Students in the University’s introductory biology lab now have the option to join a section in which they perform a research study — with themselves as the subjects.
Biology 173 enrolls several hundred students each semester and normally follows a textbook curriculum of common lab experiments. The new section deviates from the standard curriculum: students will be both the researchers and subjects of their own study.
Students will spend the semester studying the effect of dietary fibers — the parts of plant-based food the body can’t absorb or digest — on microbiome — or the full collection of microbes in a community, like the gut. They will test the levels of fiber in their own gut microbiomes before, during and after adding a fiber supplement to their diets.
Tom Schmidt, professor of ecology and evolutionary biology, was one of the founders of the new section. He said he saw the need for a more research-oriented option for beginning science students.
“We want to provide everyone with the chance to see how real research is conducted and how conclusions are drawn from research,” Schmidt said.
He added that it is a challenge for many science students to find jobs in professors’ labs at the University, so the curriculum may offer skills taught in those highly sought after lab positions.
LSA sophomore John Klein said he applied to take the class because it sounded more interesting than the normal Biology 173.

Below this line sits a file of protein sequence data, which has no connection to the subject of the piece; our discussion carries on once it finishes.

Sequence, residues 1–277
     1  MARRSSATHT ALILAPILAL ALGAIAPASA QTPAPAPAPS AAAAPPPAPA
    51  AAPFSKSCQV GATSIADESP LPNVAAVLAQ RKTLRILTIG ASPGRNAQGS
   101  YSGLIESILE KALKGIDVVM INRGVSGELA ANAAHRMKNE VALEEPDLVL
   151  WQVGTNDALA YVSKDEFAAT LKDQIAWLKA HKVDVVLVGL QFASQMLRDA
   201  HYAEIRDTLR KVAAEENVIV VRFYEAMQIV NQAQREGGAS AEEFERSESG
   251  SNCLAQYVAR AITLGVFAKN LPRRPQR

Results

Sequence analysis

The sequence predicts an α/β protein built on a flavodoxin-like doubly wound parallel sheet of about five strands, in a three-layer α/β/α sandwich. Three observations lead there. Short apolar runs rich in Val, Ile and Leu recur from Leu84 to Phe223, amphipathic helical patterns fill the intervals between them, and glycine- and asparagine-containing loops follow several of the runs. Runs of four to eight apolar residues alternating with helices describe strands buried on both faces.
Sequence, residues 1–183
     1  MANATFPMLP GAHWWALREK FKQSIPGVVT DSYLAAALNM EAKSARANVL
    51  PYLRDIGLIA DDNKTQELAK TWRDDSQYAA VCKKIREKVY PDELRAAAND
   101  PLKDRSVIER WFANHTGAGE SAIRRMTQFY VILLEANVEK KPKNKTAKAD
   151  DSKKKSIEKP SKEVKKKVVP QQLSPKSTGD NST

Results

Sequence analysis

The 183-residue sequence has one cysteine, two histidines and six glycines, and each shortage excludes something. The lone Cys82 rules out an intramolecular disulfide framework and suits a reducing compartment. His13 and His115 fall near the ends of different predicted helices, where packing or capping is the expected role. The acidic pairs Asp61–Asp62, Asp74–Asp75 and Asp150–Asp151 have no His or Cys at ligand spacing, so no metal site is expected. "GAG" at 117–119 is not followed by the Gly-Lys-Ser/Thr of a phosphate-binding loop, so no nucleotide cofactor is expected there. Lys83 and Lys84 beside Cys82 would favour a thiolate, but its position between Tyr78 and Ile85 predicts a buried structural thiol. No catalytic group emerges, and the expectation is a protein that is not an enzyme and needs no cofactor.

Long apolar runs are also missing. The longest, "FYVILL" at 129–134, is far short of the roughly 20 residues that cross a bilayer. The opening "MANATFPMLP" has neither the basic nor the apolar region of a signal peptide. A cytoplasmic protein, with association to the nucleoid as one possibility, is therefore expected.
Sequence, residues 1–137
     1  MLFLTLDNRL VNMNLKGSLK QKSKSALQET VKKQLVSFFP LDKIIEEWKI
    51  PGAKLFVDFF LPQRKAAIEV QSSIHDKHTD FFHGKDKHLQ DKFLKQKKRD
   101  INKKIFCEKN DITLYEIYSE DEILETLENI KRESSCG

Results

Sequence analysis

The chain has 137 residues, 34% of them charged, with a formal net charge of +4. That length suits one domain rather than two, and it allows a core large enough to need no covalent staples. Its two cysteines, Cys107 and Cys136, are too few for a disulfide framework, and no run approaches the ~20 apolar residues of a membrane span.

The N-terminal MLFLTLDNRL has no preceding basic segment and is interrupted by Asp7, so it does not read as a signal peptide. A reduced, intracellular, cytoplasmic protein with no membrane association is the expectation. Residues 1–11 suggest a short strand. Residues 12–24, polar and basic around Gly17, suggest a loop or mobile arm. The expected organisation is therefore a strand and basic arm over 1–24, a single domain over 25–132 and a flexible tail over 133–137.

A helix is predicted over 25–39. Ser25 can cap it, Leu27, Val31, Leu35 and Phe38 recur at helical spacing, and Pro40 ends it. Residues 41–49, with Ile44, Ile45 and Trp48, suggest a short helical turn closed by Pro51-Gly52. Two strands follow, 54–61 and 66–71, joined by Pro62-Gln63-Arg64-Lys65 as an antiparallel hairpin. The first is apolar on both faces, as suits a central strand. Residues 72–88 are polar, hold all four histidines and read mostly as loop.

“It’s going to be more work for sure, but I think it’s going to be worth it for me in the long run,” Klein said.
To fund the project, Schmidt received a $1.5 million grant through the Howard Hughes Medical Institute. The grant also allows for a parallel section in the Chemistry 125/126 course.
The students who were interested in taking the class submitted a short application and were randomly selected through a lottery system. The section began last winter with 40 students. In its second semester, the section doubled to 80 students.
Even with the larger class size, Schmidt said there were still more students hoping to take the class than there were available spots, which were limited by the number of microbiome samples the lab’s equipment could process.
The data obtained from the students will contribute to Schmidt’s own microbiome research, allowing students to feel like they impacted a larger scientific discovery.
Schmidt said he hopes undergraduates in the section will discover if they have a passion for research.
“We want to provide undergraduates with an authentic research experience that they can use to determine whether they want to continue in research,” he said.
Arvind Venkataraman, a research fellow in the Department of Internal Medicine, is another instructor of the course. In an e-mail to The Michigan Daily, he wrote the research could help children facing malnutrition.
“Malnutrition causes 45 percent of child deaths worldwide,” Venkataraman wrote. “Recently, it has emerged that persistence of malnutrition is strongly related to deficiencies in functions normally provided by the gut microbiome.”
Correction appended: Arvind Venkataraman is a research fellow in the Department of Internal Medicine, not a professor.